If you are planning to work or start a business in a field related to real estate in France, the first thing you need to do is familiarize yourself with the trends in the French real estate market, which can directly or indirectly affect your business.
Unlike the real estate agency in other European countries, the practice in France is strictly regulated and you may not have the qualifications to create an agency or even to
work in an existing agency. French law does not recognize the activity of “intermediary” or “real estate service provider”; anyone involved in the sale of property – and even in leasing – is considered a real estate agent and requires proper registration. You cannot act as a real estate agent in France unless you have a professional card or are officially under contract with a card holder agent; to benefit from it, you must have a reasonable level of French and have one of the following qualifications:
• A certificate of professional studies in real estate professions, which usually requires two years of full-time study, although you may be able to shorten the period of study if you already have relevant qualifications or experience.
• A recognized foreign certificate or diploma attesting that you have completed at least two years of legal, financial or commercial studies;
• A secondary school diploma (eg A level) plus three years of higher education and at least one year of experience working as a real estate agency in your home country;
• At least two years (and sometimes up to ten!) Of real estate agency experience in your home country.
A real estate agency must be registered as an SARL and must have professional liability insurance with an approved body such as the National Federation of Real Estate or the SOCAF group.
A realistic option for those who do not have the necessary qualifications to obtain a professional card is to act as an independent real estate commercial agent (commonly referred to simply as a commercial agent), registering as a self-employed person with the Registry Office. Local Commercial Court. Commercial court clerks in many departments will refuse to register commercial agents, insisting that they become salaried employees of the “parent” agency. You should therefore check local regulations before attempting to establish yourself as a sales agent. If registration as a commercial agent is allowed, you must obtain a contract with a real estate agent (or preferably several) who has a professional card to work under his auspices. As a commercial agent, you benefit from agency guarantees and insurance and may even be authorized to sign agency contracts (mandates) with sellers. You receive a commission, which can be up to 60% of the agency’s commission (itself between 5 and 15% of the sale price of a property).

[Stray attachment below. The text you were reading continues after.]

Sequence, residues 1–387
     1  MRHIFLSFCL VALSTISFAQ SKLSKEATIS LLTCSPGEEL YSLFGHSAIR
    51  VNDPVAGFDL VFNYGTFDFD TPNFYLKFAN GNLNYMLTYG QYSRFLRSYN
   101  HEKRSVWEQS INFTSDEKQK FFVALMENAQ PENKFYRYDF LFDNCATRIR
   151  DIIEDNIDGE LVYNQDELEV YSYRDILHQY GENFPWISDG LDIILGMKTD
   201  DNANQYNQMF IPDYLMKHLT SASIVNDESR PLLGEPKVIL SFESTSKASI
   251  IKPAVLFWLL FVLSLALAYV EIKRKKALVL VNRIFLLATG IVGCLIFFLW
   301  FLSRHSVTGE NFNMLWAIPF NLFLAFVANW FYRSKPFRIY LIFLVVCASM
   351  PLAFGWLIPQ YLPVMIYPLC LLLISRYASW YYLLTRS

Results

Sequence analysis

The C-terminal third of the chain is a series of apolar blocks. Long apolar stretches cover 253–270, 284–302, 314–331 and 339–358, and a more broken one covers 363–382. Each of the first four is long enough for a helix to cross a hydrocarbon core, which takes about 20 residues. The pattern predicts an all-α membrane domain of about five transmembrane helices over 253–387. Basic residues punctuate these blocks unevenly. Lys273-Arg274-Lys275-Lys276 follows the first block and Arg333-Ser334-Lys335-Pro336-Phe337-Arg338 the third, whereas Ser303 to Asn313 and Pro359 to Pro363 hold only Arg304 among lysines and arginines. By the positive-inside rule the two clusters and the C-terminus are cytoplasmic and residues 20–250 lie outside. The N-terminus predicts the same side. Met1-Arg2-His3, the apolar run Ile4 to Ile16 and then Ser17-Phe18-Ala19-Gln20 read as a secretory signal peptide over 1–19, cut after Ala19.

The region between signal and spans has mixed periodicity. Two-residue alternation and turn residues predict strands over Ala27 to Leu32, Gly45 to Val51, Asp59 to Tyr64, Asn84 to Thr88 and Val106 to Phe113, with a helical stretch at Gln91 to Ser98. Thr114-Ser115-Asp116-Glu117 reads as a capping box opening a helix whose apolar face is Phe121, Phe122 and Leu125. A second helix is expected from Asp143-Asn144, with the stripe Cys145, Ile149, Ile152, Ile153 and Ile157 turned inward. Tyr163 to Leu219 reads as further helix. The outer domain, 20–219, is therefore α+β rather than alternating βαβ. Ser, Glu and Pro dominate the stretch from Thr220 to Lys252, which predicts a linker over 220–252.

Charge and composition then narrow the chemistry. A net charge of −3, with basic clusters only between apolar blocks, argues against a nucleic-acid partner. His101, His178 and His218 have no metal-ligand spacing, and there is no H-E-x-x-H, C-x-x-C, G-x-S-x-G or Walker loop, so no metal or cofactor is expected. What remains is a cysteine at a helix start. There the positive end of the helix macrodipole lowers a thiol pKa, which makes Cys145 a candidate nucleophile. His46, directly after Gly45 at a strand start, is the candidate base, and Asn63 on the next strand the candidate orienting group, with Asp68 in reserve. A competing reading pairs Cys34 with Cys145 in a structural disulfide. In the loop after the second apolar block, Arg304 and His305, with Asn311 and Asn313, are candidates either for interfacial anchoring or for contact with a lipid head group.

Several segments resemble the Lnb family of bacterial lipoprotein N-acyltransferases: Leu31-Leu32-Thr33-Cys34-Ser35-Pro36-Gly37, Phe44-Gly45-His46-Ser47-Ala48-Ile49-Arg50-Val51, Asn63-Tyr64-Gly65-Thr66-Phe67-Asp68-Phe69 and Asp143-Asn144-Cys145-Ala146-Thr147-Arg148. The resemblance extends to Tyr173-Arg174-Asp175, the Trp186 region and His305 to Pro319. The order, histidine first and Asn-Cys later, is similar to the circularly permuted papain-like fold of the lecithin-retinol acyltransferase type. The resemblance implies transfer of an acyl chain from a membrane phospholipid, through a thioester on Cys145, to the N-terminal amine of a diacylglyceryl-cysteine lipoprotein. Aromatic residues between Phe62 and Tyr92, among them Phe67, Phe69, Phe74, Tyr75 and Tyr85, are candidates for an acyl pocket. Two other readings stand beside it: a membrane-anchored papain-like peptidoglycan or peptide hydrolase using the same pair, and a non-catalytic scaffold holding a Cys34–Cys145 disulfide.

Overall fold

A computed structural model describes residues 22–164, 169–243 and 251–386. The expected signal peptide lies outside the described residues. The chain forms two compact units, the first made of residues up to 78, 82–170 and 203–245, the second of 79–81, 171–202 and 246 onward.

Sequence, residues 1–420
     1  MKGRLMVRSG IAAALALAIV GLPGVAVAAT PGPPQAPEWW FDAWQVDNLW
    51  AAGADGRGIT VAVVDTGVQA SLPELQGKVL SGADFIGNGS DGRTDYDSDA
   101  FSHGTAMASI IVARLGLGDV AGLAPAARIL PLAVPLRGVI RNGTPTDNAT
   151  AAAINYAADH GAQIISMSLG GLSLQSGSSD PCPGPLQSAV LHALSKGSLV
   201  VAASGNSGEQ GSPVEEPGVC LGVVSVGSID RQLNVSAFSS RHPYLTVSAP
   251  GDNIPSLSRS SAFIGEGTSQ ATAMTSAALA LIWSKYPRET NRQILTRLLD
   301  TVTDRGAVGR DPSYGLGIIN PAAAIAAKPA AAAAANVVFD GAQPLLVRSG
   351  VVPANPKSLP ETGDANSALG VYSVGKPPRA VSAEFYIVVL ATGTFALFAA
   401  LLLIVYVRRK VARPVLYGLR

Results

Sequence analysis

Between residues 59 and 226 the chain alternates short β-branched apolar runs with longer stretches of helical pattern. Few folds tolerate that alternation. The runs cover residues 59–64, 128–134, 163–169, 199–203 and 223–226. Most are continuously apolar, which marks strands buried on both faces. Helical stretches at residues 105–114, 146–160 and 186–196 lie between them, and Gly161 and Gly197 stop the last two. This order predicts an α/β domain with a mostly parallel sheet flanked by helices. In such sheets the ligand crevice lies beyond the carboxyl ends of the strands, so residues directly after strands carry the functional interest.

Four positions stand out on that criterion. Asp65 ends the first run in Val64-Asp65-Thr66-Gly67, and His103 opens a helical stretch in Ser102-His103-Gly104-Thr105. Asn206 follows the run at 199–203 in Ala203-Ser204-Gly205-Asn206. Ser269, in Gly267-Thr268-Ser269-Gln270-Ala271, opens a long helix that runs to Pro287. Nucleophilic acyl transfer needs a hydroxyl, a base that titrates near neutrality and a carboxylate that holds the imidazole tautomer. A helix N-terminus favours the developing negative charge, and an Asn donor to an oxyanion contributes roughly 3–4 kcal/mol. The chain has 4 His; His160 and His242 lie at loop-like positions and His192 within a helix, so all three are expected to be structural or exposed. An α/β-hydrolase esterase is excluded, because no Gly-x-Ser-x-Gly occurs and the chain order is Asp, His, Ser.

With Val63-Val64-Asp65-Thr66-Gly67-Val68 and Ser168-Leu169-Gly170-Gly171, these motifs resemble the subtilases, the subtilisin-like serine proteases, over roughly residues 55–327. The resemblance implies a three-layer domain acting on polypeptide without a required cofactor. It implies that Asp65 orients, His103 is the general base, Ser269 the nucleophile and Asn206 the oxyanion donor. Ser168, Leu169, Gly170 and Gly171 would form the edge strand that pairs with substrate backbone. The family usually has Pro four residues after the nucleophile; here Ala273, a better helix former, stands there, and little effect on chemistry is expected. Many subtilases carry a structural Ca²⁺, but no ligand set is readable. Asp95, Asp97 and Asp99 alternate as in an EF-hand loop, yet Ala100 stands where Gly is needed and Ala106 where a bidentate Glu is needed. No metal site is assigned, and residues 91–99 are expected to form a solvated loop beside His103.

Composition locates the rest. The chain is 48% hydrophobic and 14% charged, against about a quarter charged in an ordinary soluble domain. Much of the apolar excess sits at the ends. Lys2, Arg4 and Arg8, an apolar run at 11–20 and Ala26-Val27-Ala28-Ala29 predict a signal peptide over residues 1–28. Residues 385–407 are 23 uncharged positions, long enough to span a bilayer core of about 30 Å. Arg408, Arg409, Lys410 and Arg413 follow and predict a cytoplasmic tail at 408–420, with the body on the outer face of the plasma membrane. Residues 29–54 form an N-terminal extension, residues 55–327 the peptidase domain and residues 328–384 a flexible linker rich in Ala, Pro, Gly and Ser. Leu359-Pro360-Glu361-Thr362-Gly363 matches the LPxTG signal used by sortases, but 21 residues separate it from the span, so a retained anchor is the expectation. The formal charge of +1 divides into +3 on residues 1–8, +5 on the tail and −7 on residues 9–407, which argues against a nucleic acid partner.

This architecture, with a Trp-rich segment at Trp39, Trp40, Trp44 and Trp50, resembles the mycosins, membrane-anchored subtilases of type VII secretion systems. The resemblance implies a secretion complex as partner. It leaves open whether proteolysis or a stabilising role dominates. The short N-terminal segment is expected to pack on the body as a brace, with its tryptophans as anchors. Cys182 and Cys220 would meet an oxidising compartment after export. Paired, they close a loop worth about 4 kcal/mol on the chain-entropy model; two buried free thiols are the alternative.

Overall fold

In the main cities of France, notably in Paris, Lyon, Marseille, Toulouse and Bordeaux, the business relocation market is huge, and a few companies also deal with private relocation. However, the private sector is generally underserved and there is currently no English speaking company offering such a service. This is not because people moving to France do not need help, but rather because of the bureaucracy involved in setting up as a relocation consultant. A company moving service is recognized by the French administrative authorities, but a private service is not. Your only option currently is to register as a consultant, which means you must join the Chamber of Engineering and Council of France.
If you want to start your own business in this field, you need to have many skills – negotiation skills, interpersonal skills, language skills – as well as extensive local knowledge and contacts. Obviously, English and French are the main languages, but Dutch is also a big plus. The other thing to remember is that relocation invariably involves buying or renting a property – the client needs a house first and other services later – so it helps to have some experience in the real estate market.
The ARA offers training and education for relocation providers, as does the European Academy of Relocation Professionals (EARP), which is the training body for the profession and offers both specific training to the country and general in all aspects of relocation services.
Maintenance and security of the property
The continued growth of secondary foreign ownership in France means that there is a demand for maintenance and caretaking services. Maintenance covers a multitude of activities, including small construction and repair jobs, gardening, pool cleaning and key keeping. The upkeep of a gîte involves cleaning, changing linen, repairing minor damage and liaising with maintenance services. Note that you must have the appropriate authority to do this with the French administration. Security is a highly regulated business with extensive background checks on people wishing to work in this field.
As with real estate agencies and relocation services, diversification is the key to a successful maintenance business, at least until you have established your reputation and learned in which areas of the market would work best for you. specialize.